Material examined 2.x.2008, on stored logs of Anogeissus latifolia Wall., Kanker, Chhattisgarh, 2001618N & 8102935E, coll. C.K. Tiwari, Jagrati Parihar & R.K. Verma, Reg.no. TF 1140. This fungus causes white fibrous rot. Lopharia dregeana (Berk.) P.H.B. Talbot. Bothalia 6:57 (1951) Basidiome: annual, resupinate or effuso-reflexed, imbricate, 2-7 x 1-5 x 0.2-0.5 cm (L x B x H). Pileus: hirsute, hispid, dark brown, zonate, no xanthochroic reaction with KOH. Hymenophore: merulioid, daedaloid to reticulateporose, brown. Context: brown, 2-4 mm thick. Hyphal system: monomitic, generative hyphae septate, with or without clamps, thin- to thick-walled with a narrow lumen, 3.5-7.5 m wide, amyloid. Cystidia: heavily encrusted lamprocystidia both of tramal and hymenial origin, 20-25 x 5 m. Basidia: long clavate, basally simple septate. Basidiospores: 2.5-3.0 m, subglobose, hyaline. Macroscopically, this species resembles Punctularia
Journal of Threatened Taxa | www.threatenedtaxa.org | June 2010 | 2(6): 970-973
Wood decaying fungi
C.K. Tiwari et al.
Figure 1. Map of Chhattisgarh showing collection spots
strigosazonata (Schwein.) P.H.B. Talbot, but in latter the hymenophore is smooth. Conspicuously encrusted cystidia and septate hyphae with or without clamps are important characters of A. dregeanum. This species was reported from Kanghwa Island, Kimpo Peninsula, South Korea (Lim et al. 2005) and StPetersburg, Russia (Zmitrovich et al. 2006).
Hjortstamia friesii (Lv.) Boidin & Gilles Bull. Soc. mycol. Fr. 118(2): 99 (2003)  (Fig. 3, Image 2) Material examined 1.x.2008, on stored wood of Terminalia tomentosa W&A., Gariabandh, Raipur, Chhattisgarh, 210141N & 810381E, coll. C.K Tiwari, Jagrati Parihar & R.K. Verma, Reg.no. TF 1141. Thelephora friesii Lv. Syst. Verz.: 17 (1854) Basidiome: annual, resupinate, non poroid, papery soft and pliable, ochraceous to brown, velvety to tomentose. Hymenophore: smooth to slightly wrinkled or occasionally folded, with shallow depressions, pale cinnamon brown. Xanthochroic reaction: all parts of the fruit body change the colour in KOH into violet. Context: more or less concolorous, with the hymenium and separated from the much looser and paler context by a distinct dark line which is most prominent in older parts of the basidiome. Hyphal system: dimitic, generative hyphae septate with or without
Images 1-3. Fruit bodies of resupinate wood decaying fungi. 1 - Australohydnum dregeanum; 2 - Hjortstamia friesii; 3 - Schizopora flavipora.
clamps, hyaline and thin-walled, 2.5-3 m wide, skeletal hyphae abundant in subhymenium and context, thickwalled, but with a distinct lumen, hyaline 4-5 m wide, amyloid. Cystidia: metuloids, heavily encrusted in apical region, hyaline, 17.5-22.5 m in diameter and 80m from septum to apex. Basidia: clavate 18-30 x 4-6 m, basally simple septate, no sterigmata seen. Basidiospores: ellipsoid to sub-cylindrical, hyaline, thin-walled, 4.5-7 x 2.5-3 m. This fungus causes white fibrous rot. The violet colour of the hymenophore on treatment with KOH, and the coarsely encrusted, hyaline, cystidia are the characteristics of this species. Skeletocystidia are not present in this species. The species was reported from tropical Asia, Pakistan,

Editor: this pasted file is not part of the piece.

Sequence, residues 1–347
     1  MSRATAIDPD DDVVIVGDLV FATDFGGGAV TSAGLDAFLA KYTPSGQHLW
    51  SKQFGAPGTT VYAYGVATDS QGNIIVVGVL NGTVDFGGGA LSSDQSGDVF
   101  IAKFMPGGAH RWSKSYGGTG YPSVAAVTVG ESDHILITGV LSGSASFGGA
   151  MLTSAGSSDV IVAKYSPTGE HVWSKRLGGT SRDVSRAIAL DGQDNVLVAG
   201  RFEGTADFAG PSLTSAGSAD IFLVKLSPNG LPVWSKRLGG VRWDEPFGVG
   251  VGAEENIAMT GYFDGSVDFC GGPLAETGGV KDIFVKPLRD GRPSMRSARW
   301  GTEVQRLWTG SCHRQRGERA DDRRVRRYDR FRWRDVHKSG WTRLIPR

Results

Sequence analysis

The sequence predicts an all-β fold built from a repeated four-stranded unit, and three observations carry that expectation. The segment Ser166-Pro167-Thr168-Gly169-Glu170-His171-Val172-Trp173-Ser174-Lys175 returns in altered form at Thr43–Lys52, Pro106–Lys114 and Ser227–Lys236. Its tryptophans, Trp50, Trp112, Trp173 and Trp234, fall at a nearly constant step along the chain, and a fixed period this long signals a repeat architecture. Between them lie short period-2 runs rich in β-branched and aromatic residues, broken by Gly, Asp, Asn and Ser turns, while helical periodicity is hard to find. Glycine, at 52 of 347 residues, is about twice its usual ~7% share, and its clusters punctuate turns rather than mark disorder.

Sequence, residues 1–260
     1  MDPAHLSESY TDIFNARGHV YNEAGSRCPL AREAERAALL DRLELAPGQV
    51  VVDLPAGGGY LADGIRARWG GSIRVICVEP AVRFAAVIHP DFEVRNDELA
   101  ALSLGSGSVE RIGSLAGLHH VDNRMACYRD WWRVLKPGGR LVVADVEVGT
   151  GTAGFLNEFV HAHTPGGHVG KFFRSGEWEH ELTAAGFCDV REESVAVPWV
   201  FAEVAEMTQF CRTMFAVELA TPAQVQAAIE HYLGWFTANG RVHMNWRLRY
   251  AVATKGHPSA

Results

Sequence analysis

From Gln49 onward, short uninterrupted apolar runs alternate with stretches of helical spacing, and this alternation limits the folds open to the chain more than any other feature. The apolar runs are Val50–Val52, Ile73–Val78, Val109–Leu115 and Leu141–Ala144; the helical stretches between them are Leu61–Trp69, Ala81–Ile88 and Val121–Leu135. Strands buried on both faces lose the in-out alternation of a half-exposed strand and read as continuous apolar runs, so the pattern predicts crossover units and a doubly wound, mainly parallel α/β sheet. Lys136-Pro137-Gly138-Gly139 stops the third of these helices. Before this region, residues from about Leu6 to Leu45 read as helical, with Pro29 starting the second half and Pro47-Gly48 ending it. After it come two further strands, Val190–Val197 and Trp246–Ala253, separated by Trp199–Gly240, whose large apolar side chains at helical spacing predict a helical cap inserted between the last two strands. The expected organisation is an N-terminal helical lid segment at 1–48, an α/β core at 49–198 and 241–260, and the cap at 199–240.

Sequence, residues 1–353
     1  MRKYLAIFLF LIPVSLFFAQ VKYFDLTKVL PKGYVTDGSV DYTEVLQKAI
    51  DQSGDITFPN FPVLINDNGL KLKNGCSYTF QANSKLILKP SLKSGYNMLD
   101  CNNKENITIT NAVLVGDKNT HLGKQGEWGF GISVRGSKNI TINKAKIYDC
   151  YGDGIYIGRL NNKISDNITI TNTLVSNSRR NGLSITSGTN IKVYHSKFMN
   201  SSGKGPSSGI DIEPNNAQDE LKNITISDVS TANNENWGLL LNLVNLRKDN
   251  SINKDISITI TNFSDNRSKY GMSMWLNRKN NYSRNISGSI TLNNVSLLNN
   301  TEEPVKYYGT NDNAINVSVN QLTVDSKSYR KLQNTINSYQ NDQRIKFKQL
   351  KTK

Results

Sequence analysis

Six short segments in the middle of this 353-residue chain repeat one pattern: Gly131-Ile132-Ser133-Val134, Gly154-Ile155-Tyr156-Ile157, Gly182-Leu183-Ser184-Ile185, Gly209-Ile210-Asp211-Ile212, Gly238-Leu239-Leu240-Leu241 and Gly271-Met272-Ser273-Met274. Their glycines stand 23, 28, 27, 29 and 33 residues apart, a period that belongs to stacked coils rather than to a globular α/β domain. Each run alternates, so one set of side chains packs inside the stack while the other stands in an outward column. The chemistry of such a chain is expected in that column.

China and New Guinea (Hjortstam & Ryvarden 1990). Schizopora flavipora (Berk. & M.A. Curtis ex Cooke) Ryvarden, Mycotaxon 23: 186 (1985) (Fig. 4, Image 3) Material examined 30.ix.2008, on dead hard wood of Lannea coromandelica (Houtt) Mett, Gariabandh, Raipur, Chhattisgarh, 210141N & 810381E, coll. C.K Tiwari, Jagrati Parihar & R.K. Verma, Reg.no. TF 1142. Poria flavipora Berk. & M.A. Curtis ex Cooke Grevillea 15(73): 25 (1886). Basidiome: annual, resupinate, coriaceous to tough, fibrous. Xanthochroic reaction: all parts of fruit body turn brown. Hymenophore: poroid, white to cream when dry, appressed, pores 4-5 per mm, margin thin. Context: 1-1.5 mm thick, cream coloured. Hyphal system: monomitic, generative hyphae with clamps, hyaline, thin- to thickwalled, 3-4 m wide, amyloid. Cystidia: present but more like encrusted hyphoids. Basidia: clavate, with four sterigmata, 5-12 x 3-5 m, with a basal clamp. Basidiospores: not seen. This fungus causes white fibrous rot. Earlier reports derive from deciduous trees (Quercus forests) from Korea (Lim & Jung 2001) and on coffee tree as Poria hypolateritia Berk. ex Cooke from Sri Lanka (Petch 1916).
Figure 2. Australohydnum dregeanum (scale 20m). A - generative hyphae; B - basidiospores; C - hymenium with basidia and lamprocystidia; D - fascicles of cystidia.